NAI Programs

Recognized Leaders in Embedded Solutions

NAI is recognized as a leading supplier of rugged, reliable solutions that can be found in many mission-critical air, land and sea applications worldwide. Outlined below is a small sample of programs that highlight the design capabilities of North Atlantic Industries.


Aerial Reconfigurable Embedded Systems (ARES)

Aerial Reconfigurable Embedded System (ARES)

Transporting and resupplying troops in rugged, austere terrain has become a major challenge, especially as the U.S. military shifts to using smaller and more distributed combat units. The Aerial Reconfigurable Embedded System (ARES) was in need of an operational VTOL system with a more compact footprint than those of conventional helicopters, coupled with higher cruise speeds. NAI's Commercial-off-the-Shelf (COTS) SIU6 rugged chassis, populated with a highly configurable PowerPC-based SBC (64EP3) and exceptionally flexible and versatile, multifunction I/O VME boards (64C3) was the chosen solution. The ARES program is an example of how NAI’s modular and adaptive Custom-On-Standard-Architecture™ (COSA®) delivers SWaP-C efficient, I/O-intensive boards and systems with more processing power in less time at a lower system cost—all with no NRE. The integrator partnered with NAI for the ARES program due to our incomparable COSA® capabilities. Chief among them is the ability to configure boards with up to six module slots and 40+ functions without having to spend man-years developing a processing an I/O system from the ground-up.

Rotary Wing Avionics System

Rotary Wing Avionics System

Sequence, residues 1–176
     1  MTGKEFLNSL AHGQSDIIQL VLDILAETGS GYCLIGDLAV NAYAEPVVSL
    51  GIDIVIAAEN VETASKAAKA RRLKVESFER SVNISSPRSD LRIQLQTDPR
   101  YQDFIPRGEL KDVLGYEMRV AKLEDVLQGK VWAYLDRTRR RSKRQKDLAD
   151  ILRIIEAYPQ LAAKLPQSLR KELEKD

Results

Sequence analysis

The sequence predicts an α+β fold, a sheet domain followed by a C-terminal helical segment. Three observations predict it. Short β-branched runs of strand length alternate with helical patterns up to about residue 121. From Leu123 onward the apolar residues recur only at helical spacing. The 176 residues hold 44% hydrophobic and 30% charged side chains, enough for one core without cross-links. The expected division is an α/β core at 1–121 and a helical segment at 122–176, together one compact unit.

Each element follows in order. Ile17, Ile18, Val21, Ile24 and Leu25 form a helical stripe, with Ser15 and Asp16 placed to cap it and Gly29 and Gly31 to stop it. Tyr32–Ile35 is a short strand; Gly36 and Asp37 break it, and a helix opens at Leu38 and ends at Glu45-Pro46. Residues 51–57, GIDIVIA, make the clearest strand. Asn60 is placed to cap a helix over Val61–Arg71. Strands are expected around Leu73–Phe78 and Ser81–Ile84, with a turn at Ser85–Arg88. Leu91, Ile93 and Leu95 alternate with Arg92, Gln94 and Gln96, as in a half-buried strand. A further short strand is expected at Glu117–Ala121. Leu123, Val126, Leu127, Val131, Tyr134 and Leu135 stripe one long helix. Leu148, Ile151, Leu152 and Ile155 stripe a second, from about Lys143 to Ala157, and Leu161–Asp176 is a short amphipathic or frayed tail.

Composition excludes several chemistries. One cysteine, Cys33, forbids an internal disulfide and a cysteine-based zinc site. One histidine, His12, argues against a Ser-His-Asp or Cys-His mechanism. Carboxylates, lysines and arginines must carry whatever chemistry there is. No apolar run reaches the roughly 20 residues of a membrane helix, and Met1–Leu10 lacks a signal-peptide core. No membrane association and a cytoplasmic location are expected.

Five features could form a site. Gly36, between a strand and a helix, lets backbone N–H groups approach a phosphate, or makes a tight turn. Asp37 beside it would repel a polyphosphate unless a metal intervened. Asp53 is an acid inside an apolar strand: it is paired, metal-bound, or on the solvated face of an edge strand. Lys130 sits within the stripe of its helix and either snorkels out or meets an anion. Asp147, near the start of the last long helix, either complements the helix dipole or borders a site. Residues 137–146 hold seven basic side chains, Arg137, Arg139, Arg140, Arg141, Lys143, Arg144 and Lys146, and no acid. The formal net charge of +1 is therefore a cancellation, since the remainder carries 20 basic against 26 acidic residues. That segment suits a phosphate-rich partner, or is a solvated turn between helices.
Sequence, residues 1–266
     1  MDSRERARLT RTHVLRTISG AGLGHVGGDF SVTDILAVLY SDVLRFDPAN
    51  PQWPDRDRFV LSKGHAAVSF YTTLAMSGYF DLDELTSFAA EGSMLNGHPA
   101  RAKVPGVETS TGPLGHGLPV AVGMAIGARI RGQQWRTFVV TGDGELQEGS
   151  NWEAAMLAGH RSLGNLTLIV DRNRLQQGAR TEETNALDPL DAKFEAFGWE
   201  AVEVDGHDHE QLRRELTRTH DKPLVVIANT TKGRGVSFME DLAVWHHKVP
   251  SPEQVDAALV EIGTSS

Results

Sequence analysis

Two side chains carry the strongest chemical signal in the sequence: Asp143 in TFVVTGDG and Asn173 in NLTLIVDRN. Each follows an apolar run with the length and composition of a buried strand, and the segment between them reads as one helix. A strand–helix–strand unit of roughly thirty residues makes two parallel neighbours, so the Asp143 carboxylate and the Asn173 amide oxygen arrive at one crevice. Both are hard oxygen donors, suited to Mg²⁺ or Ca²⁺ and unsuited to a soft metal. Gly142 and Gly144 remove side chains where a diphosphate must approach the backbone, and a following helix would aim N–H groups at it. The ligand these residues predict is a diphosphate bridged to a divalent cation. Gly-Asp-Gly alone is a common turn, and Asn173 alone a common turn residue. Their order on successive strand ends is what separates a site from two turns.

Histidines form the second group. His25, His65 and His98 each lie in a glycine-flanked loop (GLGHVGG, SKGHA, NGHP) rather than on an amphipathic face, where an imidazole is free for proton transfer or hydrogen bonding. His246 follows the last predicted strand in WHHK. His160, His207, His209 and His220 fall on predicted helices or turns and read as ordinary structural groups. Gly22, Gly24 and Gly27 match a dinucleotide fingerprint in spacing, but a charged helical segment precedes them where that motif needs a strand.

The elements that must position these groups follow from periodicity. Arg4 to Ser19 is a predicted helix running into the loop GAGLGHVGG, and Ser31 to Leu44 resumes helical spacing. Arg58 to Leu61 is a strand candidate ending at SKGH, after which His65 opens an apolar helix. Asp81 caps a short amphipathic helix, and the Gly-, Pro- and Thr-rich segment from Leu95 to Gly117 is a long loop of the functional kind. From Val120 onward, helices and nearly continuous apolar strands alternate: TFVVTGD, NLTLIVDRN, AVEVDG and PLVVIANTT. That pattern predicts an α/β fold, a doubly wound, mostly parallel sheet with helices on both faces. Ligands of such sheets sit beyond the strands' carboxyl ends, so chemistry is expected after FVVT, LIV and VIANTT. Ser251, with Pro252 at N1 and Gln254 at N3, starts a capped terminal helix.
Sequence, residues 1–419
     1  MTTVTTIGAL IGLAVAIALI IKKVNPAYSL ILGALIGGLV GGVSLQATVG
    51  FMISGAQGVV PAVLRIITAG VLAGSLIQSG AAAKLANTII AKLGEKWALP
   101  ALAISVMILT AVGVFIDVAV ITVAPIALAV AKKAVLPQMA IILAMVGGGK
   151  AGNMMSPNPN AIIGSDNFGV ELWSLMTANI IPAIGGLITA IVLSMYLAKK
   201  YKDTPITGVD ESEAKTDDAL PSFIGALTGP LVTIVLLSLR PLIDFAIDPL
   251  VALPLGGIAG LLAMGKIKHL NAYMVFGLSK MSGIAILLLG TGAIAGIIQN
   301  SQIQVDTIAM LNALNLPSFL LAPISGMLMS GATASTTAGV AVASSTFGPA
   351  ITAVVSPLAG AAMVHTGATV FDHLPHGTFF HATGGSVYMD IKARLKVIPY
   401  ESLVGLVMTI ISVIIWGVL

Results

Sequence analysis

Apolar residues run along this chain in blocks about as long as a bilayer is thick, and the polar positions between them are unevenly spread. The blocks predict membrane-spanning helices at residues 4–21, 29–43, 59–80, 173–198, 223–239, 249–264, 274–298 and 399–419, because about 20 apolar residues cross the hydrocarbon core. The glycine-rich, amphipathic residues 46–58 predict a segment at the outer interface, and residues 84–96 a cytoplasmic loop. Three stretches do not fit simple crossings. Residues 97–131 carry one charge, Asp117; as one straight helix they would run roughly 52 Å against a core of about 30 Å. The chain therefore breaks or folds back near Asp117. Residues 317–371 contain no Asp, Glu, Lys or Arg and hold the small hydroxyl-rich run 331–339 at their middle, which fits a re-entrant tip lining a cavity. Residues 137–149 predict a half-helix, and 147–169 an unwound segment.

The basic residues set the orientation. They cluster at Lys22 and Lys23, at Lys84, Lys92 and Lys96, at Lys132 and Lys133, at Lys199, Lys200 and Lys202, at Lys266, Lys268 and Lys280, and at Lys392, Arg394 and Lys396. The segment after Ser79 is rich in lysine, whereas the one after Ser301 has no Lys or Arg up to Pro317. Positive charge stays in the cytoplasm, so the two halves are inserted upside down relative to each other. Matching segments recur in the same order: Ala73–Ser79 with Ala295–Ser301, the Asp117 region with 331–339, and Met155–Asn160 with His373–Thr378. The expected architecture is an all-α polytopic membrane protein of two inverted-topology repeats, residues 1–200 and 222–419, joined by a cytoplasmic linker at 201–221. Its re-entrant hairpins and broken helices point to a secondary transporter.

An international military customer needed multiple communication interfaces for its helicopter, as well as a method to process many channels of various analog and digital signals. A rugged, conduction-cooled, self-contained system that could be networked to other systems on the helicopter was required. The SIU6 provided an excellent solution with a local PowerPC processor and over 100 channels of various intelligent, multifunction I/O. In addition, the SIU6 met all demanding environmental and EMI requirements. This fully integrated and tested network solution enabled the customer to interface and process all I/O signals in a SWaP-efficient box using COTS components.

AC-130 U Gunship

AC-130U Gunship

DoD requirements were to deliver a form, fit, and functional replacement for the LWCP (Loader Weapon Control Panel) and ECU (Electronic Control Unit) on the AC-130 Gunship.

NAI worked closely with SSAI engineers to select the exact hardware and firmware solutions to meet all their system needs. SSAI selected NAI's complete I/O and processing solution based on our field-proven, flexible COTS I/O, and Processor Technology.

“SSAI looked at numerous COTS solution sets, and NAI was the only vendor we found capable of meeting all the performance requirements with existing, proven equipment,” explains Cliff Driver, SSAI Vice President of Operations. “The final flight test results of the new ECU/LWCP system exceeded the requirements and improved the overall accuracy of the Gunship, as well as the reliability and maintainability of the gun systems— resulting in real benefits to USAF war fighters.”

Predator Reaper Unmanned Aerial Vehicle (UAV)

Predator / Reaper Unmanned Aerial Vehicles (UAVs)

Due to tight size constraints, the system designers needed an integrated Pulse Width Modulation (PWM), high-current, servo motor drive control and associated power supply for its FLIR (Forward Looking Infrared Radar) multi-spectral targeting system (MST-A). NAI's Multifunction I/O Board and Power Supply Divisions worked together under a very tight design schedule to deliver a dual-channel, VME PWM motor control card and VME power supply. The power supply provides clean power to the PWM and handles high-peak current. In addition, the UAV platform uses an NAI power monitor to manage input power. The Engineering team at NAI was able to execute with exceptional turnaround time— from concept to production in less than six months.


M60A3 Main Battle Tank

M60A3 Main Battle Tank